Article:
A young baboon huddles with its mother.

Sex differences in health and survival

My postdoctoral work in the Alberts lab at Duke is primarily focused on a phenomenon of modern human societies called the male-female health survival paradox, in which women live longer but experience higher rates of disability and poor health than men.

There is a great deal of evidence that components of this phenomenon have a long evolutionary history in humans (reviewed by Alberts et al. 2014), but interestingly, the paradox does not exist in baboons. Male baboons experience both higher mortality rates and steeper rates of age-related declines in health than do female baboons.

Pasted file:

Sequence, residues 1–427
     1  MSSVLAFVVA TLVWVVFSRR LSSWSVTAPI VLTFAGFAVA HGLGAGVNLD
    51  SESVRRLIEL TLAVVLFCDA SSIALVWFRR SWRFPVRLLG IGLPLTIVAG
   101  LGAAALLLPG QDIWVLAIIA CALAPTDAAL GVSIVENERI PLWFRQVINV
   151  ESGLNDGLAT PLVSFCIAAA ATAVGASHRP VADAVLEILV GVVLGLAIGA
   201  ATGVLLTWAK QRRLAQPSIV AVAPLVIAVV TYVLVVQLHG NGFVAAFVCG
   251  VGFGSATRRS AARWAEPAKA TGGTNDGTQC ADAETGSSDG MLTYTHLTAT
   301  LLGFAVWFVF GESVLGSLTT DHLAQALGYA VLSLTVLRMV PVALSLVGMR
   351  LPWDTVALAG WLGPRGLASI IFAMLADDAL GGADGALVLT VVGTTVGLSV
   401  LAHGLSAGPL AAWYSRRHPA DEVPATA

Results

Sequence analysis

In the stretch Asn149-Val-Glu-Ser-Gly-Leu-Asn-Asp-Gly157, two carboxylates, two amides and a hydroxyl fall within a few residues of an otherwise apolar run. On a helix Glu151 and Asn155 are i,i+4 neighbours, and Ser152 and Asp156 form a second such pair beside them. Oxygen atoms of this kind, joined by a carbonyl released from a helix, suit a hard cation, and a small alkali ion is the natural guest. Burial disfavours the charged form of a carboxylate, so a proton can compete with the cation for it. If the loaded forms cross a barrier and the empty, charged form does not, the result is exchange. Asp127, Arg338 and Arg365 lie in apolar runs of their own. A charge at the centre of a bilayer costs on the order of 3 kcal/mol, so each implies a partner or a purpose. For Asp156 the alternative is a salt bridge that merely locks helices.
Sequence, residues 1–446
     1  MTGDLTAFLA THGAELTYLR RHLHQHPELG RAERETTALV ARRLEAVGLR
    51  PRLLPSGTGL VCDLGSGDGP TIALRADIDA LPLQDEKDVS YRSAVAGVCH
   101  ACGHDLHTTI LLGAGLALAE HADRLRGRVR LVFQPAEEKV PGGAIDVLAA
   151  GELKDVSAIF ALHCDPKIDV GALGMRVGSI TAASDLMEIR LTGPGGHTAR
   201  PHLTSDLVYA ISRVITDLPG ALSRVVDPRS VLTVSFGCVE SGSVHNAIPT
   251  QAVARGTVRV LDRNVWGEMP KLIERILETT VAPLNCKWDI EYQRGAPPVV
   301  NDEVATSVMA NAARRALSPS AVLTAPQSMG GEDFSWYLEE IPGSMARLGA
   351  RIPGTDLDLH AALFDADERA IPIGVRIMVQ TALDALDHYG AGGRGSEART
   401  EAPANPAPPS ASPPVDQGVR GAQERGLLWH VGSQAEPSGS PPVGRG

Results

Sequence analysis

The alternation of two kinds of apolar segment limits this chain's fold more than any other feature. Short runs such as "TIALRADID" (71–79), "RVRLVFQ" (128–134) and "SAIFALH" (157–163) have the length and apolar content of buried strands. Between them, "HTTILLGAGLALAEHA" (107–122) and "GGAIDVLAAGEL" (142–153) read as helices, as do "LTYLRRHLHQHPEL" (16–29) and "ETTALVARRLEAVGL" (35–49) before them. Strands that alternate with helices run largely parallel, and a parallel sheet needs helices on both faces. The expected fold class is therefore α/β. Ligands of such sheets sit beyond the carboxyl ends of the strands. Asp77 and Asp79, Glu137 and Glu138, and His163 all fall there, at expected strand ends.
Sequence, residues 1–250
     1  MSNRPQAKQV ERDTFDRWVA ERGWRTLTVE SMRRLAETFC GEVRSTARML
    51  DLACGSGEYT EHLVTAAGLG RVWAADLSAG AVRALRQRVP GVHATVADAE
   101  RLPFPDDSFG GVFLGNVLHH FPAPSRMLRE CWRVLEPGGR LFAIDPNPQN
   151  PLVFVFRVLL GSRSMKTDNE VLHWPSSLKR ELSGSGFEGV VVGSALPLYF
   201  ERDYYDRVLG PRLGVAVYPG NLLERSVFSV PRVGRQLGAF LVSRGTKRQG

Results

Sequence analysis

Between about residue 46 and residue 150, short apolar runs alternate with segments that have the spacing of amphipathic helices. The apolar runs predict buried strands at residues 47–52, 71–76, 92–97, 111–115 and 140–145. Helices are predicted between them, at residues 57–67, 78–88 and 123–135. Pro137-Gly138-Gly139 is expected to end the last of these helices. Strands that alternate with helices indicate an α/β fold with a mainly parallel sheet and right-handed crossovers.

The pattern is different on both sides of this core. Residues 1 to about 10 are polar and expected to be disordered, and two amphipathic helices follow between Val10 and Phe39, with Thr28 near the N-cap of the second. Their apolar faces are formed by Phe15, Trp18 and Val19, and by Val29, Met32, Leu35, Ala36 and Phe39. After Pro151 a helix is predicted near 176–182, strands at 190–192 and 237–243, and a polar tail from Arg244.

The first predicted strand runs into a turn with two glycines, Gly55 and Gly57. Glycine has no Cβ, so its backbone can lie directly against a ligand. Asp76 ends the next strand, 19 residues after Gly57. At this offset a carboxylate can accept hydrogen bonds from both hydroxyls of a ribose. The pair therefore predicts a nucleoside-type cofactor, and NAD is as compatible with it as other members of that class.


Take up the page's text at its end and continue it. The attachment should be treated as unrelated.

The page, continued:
These findings call for additional comparative studies to resolve evolutionary roots of the male-female health-survival paradox in humans.

My postdoctoral work examines how social relationships and age-related changes in hormones mediate sex differences in health and survival, using long-term life-history data and noninvasive health measures. The project’s broader goal is to improve our understanding of aging in the wild to gain new insights about aging in humans.